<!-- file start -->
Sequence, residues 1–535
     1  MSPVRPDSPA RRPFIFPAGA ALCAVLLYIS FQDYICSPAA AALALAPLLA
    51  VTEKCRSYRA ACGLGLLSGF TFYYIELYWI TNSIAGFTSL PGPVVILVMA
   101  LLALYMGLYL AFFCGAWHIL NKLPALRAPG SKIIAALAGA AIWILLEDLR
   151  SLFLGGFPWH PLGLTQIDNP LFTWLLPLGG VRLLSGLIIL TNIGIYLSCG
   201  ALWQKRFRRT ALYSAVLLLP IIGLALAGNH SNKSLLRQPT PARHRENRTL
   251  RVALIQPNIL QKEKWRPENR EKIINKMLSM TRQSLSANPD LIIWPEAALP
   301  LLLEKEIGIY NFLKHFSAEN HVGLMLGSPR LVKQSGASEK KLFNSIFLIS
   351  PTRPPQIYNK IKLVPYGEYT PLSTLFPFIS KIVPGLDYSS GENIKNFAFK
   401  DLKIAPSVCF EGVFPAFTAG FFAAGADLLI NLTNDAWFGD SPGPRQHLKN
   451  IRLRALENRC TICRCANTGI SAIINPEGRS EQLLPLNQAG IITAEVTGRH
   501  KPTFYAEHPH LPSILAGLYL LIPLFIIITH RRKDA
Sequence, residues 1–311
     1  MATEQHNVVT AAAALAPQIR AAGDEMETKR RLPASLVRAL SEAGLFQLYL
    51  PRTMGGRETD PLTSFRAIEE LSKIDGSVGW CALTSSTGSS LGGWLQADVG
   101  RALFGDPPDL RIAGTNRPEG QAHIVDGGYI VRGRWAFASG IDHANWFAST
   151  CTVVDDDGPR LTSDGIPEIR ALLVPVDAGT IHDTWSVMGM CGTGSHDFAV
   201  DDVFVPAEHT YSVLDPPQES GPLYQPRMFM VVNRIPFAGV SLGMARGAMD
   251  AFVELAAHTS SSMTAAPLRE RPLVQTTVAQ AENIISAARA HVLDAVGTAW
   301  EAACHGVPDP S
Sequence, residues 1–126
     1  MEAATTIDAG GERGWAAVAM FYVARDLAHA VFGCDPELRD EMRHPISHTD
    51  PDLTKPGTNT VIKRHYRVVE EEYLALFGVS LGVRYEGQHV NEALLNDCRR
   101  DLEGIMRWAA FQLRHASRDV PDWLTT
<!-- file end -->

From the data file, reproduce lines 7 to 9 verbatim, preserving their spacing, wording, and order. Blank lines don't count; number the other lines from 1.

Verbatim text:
   251  RVALIQPNIL QKEKWRPENR EKIINKMLSM TRQSLSANPD LIIWPEAALP
   301  LLLEKEIGIY NFLKHFSAEN HVGLMLGSPR LVKQSGASEK KLFNSIFLIS
   351  PTRPPQIYNK IKLVPYGEYT PLSTLFPFIS KIVPGLDYSS GENIKNFAFK